This year’s Peer Review Week theme, “Trust in peer review”, prompted me to think about what trust means for Lithosphere. It turns out that it has been a central theme in the transition the journal has made this year to be an open access, community-driven journal published by GeoScienceWorld (GSW) with the support of seven participating societies.*

Before the transition, Lithosphere was an established open access journal published by Geological Society of America (GSA). It now has an expanded scope, publishing both specialized and inter-disciplinary research across the breadth of earth, planetary and environmental sciences. It considers direct submissions plus manuscripts transferred from a number of the society partner’s journals.

With the goal to help societies of all sizes participate in Gold Open Access publishing and comply with funder mandates, with significantly reduced risk and investment to each of them individually, the new journal wouldn’t have been possible without a relationship of trust between the seven society publishers and GSW. They all came together to create a trusted open access option that broadens the reach of the individual societies and opened the doors to publish a broader scope of relevant multi-disciplinary research than they could publish previously on their own.

Building trust in Lithosphere is a key part of encouraging Editors and Authors to transfer manuscripts to the journal. We are now earning the trust of the community as we deliver the journal in a new form, with new systems and processes, at the same time as opening up to new communities who don’t know the journal so well. A large part of that is trusting our publishing partner Hindawi to help us do things differently. Their services are supported by Hindawi’s experienced team who oversee screening and publication policies, and a production staff who see accepted papers through the workflow and readied for publication.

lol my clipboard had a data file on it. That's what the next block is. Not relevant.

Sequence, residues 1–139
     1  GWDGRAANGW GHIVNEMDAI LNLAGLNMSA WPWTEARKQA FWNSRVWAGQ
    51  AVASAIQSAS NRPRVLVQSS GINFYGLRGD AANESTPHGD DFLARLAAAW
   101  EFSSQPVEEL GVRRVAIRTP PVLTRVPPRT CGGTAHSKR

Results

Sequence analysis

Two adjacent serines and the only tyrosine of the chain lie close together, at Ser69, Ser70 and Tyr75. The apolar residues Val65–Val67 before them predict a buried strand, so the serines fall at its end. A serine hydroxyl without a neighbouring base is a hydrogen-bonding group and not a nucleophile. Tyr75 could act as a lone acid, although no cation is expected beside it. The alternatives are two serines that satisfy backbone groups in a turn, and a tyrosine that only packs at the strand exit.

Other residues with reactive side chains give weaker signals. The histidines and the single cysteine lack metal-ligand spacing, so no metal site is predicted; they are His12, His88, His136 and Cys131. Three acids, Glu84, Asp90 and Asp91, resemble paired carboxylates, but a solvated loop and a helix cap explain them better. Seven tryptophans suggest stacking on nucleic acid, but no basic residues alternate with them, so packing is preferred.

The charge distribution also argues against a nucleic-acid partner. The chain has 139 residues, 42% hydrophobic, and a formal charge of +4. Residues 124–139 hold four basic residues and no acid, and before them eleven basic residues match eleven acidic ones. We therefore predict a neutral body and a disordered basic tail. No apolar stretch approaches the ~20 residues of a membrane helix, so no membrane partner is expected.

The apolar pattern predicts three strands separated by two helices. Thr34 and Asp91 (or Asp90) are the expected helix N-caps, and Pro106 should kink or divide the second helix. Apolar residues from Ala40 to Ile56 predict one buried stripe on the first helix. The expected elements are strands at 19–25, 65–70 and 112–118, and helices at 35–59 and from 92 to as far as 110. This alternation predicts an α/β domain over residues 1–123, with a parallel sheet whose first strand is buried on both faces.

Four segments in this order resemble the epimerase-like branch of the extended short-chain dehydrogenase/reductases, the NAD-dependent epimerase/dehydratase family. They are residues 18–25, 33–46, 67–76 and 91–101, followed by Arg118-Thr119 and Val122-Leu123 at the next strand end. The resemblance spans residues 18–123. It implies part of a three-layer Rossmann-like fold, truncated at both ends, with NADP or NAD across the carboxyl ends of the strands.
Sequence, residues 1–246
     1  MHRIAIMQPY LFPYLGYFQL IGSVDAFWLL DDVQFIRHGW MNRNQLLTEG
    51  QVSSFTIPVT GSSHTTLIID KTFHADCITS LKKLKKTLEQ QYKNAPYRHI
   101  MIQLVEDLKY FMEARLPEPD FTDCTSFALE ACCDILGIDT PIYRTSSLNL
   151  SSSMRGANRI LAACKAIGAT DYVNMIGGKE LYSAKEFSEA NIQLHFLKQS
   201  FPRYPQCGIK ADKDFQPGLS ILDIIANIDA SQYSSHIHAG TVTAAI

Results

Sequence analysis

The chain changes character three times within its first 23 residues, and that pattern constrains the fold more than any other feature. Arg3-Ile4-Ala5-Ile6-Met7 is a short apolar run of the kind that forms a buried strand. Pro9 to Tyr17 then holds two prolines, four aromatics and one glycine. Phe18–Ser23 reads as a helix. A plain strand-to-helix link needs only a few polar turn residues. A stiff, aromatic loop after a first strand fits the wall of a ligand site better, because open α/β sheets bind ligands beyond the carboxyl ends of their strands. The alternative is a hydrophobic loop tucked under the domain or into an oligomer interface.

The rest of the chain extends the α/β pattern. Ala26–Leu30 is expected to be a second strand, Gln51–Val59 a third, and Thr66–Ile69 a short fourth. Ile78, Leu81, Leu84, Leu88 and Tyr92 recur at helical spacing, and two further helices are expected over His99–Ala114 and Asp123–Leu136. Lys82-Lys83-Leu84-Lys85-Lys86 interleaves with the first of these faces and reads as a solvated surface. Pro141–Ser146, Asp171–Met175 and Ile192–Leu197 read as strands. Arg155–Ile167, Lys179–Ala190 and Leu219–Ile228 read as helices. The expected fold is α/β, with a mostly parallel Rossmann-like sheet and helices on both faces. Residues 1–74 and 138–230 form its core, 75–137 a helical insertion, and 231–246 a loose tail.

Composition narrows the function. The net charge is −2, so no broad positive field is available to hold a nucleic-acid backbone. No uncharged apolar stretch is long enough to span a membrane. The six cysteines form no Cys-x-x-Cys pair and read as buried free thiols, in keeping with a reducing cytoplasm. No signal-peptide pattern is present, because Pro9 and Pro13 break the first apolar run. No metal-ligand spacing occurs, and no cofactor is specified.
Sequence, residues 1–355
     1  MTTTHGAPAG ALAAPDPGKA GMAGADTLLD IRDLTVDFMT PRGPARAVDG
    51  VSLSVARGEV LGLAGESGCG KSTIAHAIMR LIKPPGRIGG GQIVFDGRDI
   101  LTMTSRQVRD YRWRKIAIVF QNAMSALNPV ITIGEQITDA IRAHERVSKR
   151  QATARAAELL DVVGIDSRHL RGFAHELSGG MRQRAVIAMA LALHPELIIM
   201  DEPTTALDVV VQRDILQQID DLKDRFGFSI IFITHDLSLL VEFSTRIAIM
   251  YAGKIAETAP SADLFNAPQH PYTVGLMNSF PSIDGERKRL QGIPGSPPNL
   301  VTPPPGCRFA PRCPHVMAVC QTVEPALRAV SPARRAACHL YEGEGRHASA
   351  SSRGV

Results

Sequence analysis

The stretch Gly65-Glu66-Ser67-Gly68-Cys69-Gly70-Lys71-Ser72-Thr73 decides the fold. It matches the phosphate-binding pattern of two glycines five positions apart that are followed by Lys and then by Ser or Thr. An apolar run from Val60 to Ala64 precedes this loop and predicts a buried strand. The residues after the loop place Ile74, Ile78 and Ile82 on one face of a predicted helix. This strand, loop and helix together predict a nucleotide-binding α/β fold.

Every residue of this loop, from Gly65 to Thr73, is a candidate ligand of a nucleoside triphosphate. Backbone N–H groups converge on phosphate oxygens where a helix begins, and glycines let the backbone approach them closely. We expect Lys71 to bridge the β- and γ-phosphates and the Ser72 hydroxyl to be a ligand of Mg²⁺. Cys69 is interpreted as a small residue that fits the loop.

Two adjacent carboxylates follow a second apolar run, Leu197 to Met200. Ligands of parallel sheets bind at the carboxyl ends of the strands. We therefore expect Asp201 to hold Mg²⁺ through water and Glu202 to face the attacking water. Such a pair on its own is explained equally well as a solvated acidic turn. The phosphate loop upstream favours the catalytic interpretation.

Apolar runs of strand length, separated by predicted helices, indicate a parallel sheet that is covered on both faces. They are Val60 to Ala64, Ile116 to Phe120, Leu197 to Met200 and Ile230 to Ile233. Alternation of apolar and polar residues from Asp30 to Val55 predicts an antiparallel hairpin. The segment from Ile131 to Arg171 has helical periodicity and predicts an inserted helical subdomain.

When researchers submit to Lithosphere, they are trusting us with their work. Part of Lithosphere’s ethos is for the peer review process to feel constructive and cooperative. We want to provide useful feedback, while not delaying the release of acceptable research. We therefore have high expectations of peer reviewers with a two-week deadline for peer reviews. We need to give huge thanks to our peer reviewers for their thoughtful and swift contributions, which help to advance research.

We also give huge thanks to our trusted Editors. Acceptance is based on the rigor of the methods, rather than the appeal of the results. Editors make an objective assessment of scientific process (methods, analysis, and ethics) to assess for high standards of scientific rigor and reproducibility, also using their discernment that the research represents a useful addition to the research literature. Does it advance the science by telling us something new?

Trust is key to the collaboration and transparency that underpin open science. We are genuinely interested in how trust manifests in the scientific process and the role we play in that. We continue to work on representation on our Editorial Board, so that we are hearing from the whole community. As a PhD student, our Community Engagement Editor, Sophie Williams, helps us to understand the needs of future researchers. There is still work to do to increase representation on the Editorial Board.

So, yes, trust has been and continues to be vital to Lithosphere! We will keep working on it so that the journal fulfills its aim of being a trusted open access option that expands the reach of the individual societies. Let us know if you’d like to be involved!

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